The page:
Ministers cite need for protection force as mission to help Albania is agreed


EU Foreign Ministers last night agreed an immediate contribution of humanitarian aid to Albania and to put together a substantial mission to help the country restore its administrative, financial and civic institutions.

Ministers acknowledged that any mission would require some protection but, under EU rules this would have to be provided outside Union structures by a "coalition of the willing", possibly operating under UN mandate. It this is not possible in the short term it may be necessary to move at the invitation of the Albanian government.

The Tanaiste, Mr Spring, last night welcomed the aid to Albania. But speaking of the Inter Governmental Conference meeting today in Rome, he expressed concern at the initiative from six countries, led by France and Germany, to commit the Union to eventual merger with the Western European Union.

Irish proposals on the text of a new treaty had reflected the need to involve the Union in a humanitarian and peacekeeping role, the so called Petersberg tasks, and a significant group of member states did not want to proceed further with collective security.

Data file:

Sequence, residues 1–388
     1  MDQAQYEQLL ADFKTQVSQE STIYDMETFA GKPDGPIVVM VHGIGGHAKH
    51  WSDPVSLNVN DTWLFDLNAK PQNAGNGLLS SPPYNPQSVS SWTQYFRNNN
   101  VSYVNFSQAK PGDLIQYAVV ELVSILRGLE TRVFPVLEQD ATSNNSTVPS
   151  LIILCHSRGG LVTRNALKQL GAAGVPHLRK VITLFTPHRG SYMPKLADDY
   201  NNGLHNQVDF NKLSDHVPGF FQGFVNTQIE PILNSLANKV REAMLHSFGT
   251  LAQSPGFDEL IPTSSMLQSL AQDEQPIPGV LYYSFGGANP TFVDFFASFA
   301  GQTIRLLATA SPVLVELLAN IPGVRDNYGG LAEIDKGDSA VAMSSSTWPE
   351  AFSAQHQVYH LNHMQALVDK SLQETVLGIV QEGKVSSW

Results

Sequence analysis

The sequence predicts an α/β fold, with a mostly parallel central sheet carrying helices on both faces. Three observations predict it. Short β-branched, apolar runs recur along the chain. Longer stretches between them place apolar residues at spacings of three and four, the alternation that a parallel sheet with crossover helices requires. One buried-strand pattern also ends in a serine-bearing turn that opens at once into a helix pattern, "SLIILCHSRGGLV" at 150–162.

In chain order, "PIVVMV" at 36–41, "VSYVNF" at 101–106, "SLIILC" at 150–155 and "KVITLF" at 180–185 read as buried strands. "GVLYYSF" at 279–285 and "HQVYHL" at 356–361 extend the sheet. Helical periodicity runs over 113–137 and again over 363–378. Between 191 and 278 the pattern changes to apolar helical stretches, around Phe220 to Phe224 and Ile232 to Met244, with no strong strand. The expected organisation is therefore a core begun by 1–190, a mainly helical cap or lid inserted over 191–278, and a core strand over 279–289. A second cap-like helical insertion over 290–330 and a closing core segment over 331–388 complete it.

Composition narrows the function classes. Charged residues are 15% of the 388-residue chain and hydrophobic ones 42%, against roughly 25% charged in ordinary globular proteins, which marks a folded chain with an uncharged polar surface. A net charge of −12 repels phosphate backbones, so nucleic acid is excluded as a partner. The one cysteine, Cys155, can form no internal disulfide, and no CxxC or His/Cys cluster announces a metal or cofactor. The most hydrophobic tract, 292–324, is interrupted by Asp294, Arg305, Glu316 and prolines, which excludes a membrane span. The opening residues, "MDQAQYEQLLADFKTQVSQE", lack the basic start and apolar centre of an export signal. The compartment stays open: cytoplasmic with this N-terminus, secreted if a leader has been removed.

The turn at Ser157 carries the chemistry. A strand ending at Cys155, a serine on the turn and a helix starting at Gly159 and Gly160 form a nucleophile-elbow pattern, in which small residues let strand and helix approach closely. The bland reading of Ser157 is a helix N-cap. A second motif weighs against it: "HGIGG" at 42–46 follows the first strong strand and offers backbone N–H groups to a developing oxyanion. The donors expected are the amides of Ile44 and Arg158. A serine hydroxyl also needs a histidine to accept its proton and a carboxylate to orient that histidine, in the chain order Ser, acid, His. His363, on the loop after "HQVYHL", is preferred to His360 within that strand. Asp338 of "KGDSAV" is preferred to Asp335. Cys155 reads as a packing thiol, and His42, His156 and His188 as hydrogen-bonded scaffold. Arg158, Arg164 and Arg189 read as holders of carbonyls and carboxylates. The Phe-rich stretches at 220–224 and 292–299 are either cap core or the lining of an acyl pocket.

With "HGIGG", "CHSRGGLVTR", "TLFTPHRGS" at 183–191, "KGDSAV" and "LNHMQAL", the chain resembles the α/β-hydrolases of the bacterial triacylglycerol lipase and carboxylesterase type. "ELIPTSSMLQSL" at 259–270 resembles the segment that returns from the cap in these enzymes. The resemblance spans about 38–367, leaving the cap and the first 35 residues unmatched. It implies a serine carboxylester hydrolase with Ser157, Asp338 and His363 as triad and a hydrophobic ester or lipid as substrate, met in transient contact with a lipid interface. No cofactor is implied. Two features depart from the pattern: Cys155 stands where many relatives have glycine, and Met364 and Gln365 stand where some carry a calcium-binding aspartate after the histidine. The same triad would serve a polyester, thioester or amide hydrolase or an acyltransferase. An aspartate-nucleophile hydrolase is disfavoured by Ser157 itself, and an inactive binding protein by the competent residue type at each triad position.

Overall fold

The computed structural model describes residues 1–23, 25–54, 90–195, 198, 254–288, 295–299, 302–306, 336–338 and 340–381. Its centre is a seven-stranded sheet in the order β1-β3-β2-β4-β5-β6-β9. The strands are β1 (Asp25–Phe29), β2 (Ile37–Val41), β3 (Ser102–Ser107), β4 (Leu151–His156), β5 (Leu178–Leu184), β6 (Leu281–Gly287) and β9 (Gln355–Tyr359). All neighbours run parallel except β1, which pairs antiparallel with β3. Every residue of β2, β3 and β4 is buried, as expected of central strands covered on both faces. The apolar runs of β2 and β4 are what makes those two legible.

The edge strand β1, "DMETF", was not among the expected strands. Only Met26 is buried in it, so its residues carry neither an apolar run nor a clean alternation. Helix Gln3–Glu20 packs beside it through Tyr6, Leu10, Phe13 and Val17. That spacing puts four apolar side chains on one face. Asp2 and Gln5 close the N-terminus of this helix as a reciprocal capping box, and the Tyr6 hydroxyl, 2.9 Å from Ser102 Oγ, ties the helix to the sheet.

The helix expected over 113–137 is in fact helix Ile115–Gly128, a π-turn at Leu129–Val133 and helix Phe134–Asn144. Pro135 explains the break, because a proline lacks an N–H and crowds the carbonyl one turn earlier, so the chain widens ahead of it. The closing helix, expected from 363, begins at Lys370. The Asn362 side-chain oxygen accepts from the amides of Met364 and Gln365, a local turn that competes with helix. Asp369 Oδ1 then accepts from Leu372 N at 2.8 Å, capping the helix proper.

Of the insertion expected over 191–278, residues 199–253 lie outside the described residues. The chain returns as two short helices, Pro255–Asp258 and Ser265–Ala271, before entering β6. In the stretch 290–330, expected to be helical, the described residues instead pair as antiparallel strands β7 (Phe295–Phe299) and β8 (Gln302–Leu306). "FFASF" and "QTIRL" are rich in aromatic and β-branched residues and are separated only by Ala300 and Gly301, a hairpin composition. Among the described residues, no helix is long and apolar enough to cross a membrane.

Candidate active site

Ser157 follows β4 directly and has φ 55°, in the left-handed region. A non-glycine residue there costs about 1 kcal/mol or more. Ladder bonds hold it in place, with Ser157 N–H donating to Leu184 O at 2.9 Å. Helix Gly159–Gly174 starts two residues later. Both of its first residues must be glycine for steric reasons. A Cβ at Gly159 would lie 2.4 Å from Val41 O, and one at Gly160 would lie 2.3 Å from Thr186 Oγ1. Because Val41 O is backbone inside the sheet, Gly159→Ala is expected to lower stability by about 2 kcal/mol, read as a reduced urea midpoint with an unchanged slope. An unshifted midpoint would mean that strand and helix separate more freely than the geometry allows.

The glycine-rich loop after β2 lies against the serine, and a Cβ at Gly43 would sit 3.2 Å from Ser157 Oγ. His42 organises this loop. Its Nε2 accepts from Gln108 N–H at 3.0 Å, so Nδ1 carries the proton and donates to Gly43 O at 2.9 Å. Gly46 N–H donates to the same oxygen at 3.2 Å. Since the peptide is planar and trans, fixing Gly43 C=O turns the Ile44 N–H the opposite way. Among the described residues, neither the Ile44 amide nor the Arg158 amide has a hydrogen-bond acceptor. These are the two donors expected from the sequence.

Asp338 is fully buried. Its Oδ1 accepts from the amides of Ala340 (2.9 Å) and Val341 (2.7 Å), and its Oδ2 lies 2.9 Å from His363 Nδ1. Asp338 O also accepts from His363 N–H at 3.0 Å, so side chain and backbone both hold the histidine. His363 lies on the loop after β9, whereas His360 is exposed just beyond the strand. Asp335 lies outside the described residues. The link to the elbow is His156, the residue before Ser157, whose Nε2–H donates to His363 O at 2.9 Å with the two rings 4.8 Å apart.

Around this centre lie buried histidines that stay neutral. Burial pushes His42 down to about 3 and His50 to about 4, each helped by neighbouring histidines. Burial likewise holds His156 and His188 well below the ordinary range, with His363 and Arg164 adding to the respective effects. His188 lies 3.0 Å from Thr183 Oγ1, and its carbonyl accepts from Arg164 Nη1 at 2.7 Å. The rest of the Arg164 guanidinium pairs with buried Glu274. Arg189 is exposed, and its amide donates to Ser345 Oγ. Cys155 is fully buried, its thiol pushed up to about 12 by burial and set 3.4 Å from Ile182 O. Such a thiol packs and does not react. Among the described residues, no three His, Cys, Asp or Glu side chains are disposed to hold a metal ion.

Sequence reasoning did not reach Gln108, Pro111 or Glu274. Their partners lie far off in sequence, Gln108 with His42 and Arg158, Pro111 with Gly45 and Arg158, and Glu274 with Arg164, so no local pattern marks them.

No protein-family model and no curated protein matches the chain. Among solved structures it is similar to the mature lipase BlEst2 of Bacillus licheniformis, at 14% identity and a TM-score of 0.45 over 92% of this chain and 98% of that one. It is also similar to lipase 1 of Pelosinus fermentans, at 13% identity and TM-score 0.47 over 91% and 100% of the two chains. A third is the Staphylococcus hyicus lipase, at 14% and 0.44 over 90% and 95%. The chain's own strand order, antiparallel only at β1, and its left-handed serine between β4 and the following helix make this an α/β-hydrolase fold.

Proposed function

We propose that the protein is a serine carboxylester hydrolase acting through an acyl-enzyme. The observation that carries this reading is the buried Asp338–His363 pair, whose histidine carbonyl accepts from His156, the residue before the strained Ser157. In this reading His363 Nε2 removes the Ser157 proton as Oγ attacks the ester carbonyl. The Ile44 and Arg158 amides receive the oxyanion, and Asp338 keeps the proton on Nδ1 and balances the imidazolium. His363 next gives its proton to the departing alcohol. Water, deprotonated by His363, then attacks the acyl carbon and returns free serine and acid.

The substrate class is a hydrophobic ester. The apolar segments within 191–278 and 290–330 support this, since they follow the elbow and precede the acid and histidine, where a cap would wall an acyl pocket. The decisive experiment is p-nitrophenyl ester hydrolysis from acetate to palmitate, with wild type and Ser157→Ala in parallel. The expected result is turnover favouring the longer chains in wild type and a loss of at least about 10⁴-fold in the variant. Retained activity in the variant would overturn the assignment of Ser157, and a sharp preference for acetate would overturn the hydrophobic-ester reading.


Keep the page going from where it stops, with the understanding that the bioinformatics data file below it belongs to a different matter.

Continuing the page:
Mr Spring also said he welcomed the likely agreement at the Commission meeting today of a further £17 million in aid to the International Fund for Ireland. This had been in doubt following a round of serious belt tightening in the Commission.

Diplomatic sources said last night that a protection force of up to 3,000 for humanitarian aid to Albania was being discussed to secure Albanian ports and main supply routes against looters. Countries likely to contribute were said to be Italy, Greece Austria and the Dutch presidency.

An advance team would be sent to prepare the way for advisers to help with the reconstruction of government, police and army structures and to set up detailed arrangements for elections.

It is anticipated that a high profile public figure will be asked to lead the mission whose general mandate will come under the Organisation for Security Co operation in Europe as most member states want to maintain US and Russian involvement.

The current OSCE representative, the former Austrian Chancellor, Mr Franz Vranitsky, has said he is not available for the job.

Ministers also issued a statement deploring both last week's bomb attack in Israel and the Israeli government's decision to continue building on the Har Homa site in east Jerusalem.

. Albanian president Sali Berisha said today that he could not guarantee the safety of humanitarian aid convoys sent to help his people.